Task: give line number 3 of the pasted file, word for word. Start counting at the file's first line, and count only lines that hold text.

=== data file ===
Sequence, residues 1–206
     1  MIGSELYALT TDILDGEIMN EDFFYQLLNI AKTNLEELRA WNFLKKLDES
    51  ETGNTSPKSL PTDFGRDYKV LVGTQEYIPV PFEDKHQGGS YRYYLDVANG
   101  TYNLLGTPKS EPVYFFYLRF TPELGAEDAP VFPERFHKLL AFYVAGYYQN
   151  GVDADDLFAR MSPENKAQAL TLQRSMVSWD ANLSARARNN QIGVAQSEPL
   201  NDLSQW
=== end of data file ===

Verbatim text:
    51  ETGNTSPKSL PTDFGRDYKV LVGTQEYIPV PFEDKHQGGS YRYYLDVANG